Medical Countermeasures and the FDA’s Response

In response to the Ebola outbreak in 2014, health officials from around the world collaboratively developed the Global Health Security Agenda. This plan outlined the critical effort to strengthen national and global systems, improving the prevention, detection, and response to infectious disease threats. The US Food and Drug Administration (FDA) engages in a variety of efforts to support global health security, and have developed medical countermeasures (MCMs) to better respond to global infectious diseases and public health emergency threats. These countermeasures are aimed at countering the human health effects of chemical, biological, radiological and nuclear threats, as well as emerging infectious disease threats. In attempts to detect, diagnose, and mitigate emerging threats the FDA has approved and authorized the emergency use of uncleared diagnostic devices. In the case of promising, but unapproved novel diagnostics the FDA uses Emergency Use Authorization (EUA) to authorize the use of tests to strengthen domestic laboratory capacity and public health preparedness.


This strategy has been used in addressing the current pandemic but unfortunately there were some problems. By early February, all testing for COVID-19 in the US was being conducted at the CDC. However, a set of test kits sent to 50 test centers returned inconclusive results. The ineffectiveness of these tests came at a crucial time and resulted in substantial shortages of test kits. A public health emergency was declared on February 4th, invoking a new regulatory regime requiring EUA. Limiting who can develop new tests at such a critical time may sound counterintuitive, however, it ensures that only carefully vetted labs are able to take part in development. According to Joshua Sharfstein, a former principal deputy commissioner of the F.D.A., this limits the ability for “Any lab (to) advertise a coronavirus test”, increasing accountability and thus better managing the pandemic response.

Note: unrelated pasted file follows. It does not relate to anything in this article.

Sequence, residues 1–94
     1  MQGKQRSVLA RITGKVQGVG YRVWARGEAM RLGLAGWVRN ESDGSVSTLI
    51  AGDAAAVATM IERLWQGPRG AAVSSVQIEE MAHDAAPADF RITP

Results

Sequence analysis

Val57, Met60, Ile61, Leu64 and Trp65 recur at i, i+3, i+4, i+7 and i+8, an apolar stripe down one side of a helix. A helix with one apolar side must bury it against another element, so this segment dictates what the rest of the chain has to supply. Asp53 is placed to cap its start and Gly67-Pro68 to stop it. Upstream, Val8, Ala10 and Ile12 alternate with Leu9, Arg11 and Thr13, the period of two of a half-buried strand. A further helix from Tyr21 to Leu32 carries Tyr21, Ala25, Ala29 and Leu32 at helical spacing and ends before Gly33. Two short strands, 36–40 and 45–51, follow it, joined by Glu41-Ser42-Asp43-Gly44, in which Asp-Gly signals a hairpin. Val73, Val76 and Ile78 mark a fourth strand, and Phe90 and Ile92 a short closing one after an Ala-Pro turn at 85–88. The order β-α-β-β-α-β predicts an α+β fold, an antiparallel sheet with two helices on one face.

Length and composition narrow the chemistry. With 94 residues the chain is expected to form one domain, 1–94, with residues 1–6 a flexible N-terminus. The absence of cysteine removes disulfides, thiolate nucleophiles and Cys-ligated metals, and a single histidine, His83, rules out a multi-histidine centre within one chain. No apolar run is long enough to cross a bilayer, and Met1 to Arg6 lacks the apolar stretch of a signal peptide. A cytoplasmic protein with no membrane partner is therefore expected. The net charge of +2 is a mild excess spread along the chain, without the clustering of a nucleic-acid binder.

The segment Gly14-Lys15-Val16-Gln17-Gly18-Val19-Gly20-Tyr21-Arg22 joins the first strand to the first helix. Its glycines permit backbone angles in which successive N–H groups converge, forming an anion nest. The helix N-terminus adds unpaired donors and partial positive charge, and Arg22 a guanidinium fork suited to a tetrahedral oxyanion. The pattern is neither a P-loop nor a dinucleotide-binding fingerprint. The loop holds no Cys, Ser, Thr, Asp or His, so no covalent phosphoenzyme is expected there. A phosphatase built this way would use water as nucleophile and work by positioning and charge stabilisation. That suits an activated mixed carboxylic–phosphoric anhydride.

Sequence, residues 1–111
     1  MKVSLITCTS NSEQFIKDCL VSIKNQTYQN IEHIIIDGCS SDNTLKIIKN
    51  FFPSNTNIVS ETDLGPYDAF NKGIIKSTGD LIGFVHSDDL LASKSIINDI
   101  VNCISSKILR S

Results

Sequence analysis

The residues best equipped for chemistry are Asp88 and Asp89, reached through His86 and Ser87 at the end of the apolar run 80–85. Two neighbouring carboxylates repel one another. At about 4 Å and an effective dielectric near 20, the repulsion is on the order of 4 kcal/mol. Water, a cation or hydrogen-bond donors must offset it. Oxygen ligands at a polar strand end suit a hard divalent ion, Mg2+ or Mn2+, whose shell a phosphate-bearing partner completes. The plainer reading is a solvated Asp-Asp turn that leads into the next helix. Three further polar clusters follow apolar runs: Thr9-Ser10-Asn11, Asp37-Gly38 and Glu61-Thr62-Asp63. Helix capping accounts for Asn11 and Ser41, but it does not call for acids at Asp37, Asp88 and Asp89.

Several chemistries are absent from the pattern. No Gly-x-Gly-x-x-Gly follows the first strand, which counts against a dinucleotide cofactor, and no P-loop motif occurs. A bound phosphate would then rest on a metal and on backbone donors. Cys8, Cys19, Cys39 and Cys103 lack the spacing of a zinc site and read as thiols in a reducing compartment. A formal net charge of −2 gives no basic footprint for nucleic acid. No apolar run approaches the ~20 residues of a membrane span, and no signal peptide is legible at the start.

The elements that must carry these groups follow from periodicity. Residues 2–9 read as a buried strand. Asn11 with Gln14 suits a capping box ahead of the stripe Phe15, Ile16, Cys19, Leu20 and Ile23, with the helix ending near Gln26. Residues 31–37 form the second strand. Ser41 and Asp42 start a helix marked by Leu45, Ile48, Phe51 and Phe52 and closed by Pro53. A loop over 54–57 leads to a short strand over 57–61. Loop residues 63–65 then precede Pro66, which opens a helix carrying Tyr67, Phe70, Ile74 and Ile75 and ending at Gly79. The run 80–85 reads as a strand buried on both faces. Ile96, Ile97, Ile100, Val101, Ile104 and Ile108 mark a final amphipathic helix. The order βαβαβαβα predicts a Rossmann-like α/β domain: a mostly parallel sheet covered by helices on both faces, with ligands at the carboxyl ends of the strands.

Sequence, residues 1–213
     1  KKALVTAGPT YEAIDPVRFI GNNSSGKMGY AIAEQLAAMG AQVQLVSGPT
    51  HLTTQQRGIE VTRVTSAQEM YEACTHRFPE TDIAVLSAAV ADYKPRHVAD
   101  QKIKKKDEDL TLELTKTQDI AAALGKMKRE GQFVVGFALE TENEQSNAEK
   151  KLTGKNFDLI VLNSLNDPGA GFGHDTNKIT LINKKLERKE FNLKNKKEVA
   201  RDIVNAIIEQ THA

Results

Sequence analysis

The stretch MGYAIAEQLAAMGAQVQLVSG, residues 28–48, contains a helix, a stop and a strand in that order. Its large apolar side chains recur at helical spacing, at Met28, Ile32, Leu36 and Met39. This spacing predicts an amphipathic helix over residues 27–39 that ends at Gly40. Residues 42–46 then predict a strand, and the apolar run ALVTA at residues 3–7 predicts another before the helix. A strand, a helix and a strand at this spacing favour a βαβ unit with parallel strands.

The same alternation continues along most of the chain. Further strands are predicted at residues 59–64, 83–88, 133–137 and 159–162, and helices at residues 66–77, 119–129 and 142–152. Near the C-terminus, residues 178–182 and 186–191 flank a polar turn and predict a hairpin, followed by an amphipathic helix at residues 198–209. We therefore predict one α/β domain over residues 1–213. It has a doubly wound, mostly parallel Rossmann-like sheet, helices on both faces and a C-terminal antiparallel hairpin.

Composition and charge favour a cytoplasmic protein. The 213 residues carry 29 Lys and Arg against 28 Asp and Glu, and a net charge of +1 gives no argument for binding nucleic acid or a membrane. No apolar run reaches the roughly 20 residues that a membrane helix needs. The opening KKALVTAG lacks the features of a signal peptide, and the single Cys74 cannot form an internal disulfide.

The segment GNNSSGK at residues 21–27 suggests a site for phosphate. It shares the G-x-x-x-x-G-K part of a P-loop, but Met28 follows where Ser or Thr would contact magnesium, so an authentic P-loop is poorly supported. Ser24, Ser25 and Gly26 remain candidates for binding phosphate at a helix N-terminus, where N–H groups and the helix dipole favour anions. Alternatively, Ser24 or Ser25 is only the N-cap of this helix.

Overall, new drug development is a meaningful and important task that has some risks. The medicines developed through clinical trials have improved health and quality of life on a global scale. Bowhead Health recognizes the importance of clinical trials and is developing a comprehensive tool to identify the trail best suited for improving reported patient outcomes on an individual and global scale. The digital tools developed facilitate the acquisition of critical data that will help to mitigate the risks of developing new medicines. Bowhead tools allow the efficient enrollment of study participants, which is a critical component of clinical research and many times deficient enrollment results in costly delays in the implementation of clinical studies. Additionally, the tools developed by Bowhead assist in the ethical collection and analysis of participants data.